The Remember the Time Blog Hop is back!
This week we are writing about receiving big news.
When I was a child family holidays meant getting up in the dark to catch a ferry across the Irish Sea. My father would then drive us to the south coast of England, across a land that had not yet been criss crossed with motorways and bypasses, but where traffic was light except in the biggest towns and cities.
My father would have prepared for the day long car journey by writing out a route plan on numerous, small sheets of paper. The large clip that held these sheets together would be hung on the dashboard to allow for easy reference. We knew that we were close to our destination when only one sheet remained.
We stopped only for fuel and necessary comfort breaks. My mother would hand my sister and I cups of soup, kept hot in a large thermos flask, bread, sandwiches and juice, as we sat in the back seat trying to occupy ourselves. The car had no seatbelts so we arranged our toys and books around us. My father would be cross if he had to brake suddenly and the contents of the car, including it’s occupants, flew forward.
We were creatures of habit and always holidayed during the last two weeks of August, choosing a caravan park in Cornwall, Devon or further east along the coast. I enjoyed staying in the caravan parks with their outdoor swimming pools and play parks. Sometimes there would be a tennis court, one even had a go cart track.
Both my brother and I have late August birthdays so I did not have parties as a child. Instead I would be taken out for a special ice cream treat, a banana split or a knickerbocker glory. I only remember my brother joining us on a few holidays. Being twelve years older he could claim his independence and escape the trips that revolved around two little girls.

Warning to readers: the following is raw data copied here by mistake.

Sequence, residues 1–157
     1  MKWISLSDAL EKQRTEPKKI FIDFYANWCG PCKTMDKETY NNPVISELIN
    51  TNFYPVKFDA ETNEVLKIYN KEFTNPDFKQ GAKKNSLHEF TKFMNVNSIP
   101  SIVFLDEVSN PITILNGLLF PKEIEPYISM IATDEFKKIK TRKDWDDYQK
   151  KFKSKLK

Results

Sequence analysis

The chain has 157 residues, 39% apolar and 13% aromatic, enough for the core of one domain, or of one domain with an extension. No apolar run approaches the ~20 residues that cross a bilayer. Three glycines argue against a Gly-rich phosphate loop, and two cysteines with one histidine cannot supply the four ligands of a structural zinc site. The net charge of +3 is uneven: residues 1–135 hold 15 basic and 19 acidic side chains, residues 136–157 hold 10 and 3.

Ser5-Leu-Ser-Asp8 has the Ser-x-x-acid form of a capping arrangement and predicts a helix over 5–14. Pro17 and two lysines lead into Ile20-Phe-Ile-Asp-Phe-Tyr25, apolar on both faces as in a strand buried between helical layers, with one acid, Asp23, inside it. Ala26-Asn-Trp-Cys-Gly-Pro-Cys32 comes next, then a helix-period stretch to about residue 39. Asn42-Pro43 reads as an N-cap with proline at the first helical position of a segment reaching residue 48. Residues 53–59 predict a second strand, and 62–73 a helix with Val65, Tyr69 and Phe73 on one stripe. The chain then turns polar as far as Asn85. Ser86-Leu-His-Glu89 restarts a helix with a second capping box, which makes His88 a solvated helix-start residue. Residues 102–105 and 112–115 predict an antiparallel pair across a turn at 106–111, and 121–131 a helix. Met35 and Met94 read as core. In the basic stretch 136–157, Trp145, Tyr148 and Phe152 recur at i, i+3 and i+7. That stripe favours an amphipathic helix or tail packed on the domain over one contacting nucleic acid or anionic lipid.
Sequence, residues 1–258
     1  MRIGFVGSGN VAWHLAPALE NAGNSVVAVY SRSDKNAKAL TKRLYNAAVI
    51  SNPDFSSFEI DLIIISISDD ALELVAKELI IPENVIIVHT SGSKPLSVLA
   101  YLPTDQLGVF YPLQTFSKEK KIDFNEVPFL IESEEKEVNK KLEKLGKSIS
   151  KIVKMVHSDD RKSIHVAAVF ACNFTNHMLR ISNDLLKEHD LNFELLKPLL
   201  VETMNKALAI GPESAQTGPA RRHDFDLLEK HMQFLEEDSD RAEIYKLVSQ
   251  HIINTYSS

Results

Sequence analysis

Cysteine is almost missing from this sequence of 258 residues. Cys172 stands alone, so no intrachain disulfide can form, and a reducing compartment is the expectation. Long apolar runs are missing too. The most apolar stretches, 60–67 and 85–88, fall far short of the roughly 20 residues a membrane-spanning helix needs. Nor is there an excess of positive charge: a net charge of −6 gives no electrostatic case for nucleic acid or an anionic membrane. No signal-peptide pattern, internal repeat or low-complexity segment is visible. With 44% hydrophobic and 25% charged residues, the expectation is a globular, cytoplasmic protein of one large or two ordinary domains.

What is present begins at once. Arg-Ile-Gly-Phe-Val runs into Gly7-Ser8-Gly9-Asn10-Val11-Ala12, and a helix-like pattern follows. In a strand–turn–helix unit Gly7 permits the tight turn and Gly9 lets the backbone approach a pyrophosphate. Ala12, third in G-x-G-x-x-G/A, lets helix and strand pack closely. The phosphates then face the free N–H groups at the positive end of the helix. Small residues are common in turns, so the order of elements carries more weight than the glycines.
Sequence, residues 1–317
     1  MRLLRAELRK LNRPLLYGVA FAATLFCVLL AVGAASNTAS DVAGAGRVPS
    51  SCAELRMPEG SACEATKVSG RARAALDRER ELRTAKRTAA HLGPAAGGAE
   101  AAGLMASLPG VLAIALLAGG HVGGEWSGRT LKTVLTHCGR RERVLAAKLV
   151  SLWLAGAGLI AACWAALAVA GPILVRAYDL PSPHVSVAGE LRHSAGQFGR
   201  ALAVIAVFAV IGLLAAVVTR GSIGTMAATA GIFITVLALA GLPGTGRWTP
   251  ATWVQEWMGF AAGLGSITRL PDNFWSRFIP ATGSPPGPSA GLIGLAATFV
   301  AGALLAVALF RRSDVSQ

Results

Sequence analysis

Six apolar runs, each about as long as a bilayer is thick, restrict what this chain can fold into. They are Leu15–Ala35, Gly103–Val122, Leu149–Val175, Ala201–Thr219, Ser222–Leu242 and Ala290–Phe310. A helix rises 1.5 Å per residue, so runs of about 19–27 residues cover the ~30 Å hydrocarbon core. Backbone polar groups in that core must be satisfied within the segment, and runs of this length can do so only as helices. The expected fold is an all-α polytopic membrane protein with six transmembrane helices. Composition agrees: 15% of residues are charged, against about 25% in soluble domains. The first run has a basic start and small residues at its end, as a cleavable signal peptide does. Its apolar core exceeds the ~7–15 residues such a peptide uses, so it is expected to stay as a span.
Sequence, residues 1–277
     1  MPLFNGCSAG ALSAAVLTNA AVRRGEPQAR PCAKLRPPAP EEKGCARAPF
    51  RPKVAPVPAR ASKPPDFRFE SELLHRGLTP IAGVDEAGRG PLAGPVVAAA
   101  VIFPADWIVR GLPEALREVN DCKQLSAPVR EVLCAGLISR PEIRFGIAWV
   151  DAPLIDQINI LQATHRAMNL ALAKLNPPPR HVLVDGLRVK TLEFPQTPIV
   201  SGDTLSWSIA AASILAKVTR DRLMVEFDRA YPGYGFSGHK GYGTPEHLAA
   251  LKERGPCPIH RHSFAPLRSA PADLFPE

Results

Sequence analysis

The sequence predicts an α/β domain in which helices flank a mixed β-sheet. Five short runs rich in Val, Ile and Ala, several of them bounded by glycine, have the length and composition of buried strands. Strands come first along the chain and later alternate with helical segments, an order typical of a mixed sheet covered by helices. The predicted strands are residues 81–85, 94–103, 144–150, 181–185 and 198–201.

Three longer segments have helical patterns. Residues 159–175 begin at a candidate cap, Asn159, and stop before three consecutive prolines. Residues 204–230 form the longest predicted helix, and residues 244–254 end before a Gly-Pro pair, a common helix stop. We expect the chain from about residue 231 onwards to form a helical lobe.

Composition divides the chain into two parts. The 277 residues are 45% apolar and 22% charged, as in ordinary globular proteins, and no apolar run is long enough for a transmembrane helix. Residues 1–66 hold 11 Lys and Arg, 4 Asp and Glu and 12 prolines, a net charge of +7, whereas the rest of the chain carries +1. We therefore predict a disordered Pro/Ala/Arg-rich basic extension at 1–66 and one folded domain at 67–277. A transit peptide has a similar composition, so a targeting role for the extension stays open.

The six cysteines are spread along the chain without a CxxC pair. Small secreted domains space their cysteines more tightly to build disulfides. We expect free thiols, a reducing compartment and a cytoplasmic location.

Yet it was on his birthday that we heard the news, on the last caravan holiday that we took as a family.
The caravans in those days did not have electricity or running water. There was a gas canister for cooking and to power the few lights, a toilet block would be available nearby. My sister and I had been sent across the site to fetch water with a large, plastic container that required the two of us to carry when full. When we returned my mother was clearly upset, standing in the kitchen area, not washing the dishes in the sink before her. She had heard the news on the small, battery powered radio that was the only electronic entertainment that we had. She told us Elvis Presley had died.
There was much talk of his eating habits but not, at that stage, of drugs. We were not big Elvis fans but knew him from the movies and, of course, his music. My mother seemed melancholy, discussing wasted opportunity and how young he was. I did not consider him young, forty-two is not young to a twelve year old.
Perhaps I remember the moment so clearly because it marked the end of so many things. My mother did not enjoy this holiday due to the cold and wet weather, the crawling insects that invaded our caravan each night. Perhaps my sister and I were harder to entertain, do children ever remember being difficult pre teen?
Four days later though I became a teenager and the following year we had one last shot at a family holiday, a staycation with numerous day trips. After that my sister started going away with friends, I would be sent on Scripture Union organised Camps and my parents discovered package holidays abroad.
It seems now that Elvis’s death marked the end of my childhood, the end of the rose coloured memories that I cherish. When I hear his music I remember that holiday. For me, those memories are good.
You can read the other posts in this Blog Hop by clicking on the link below.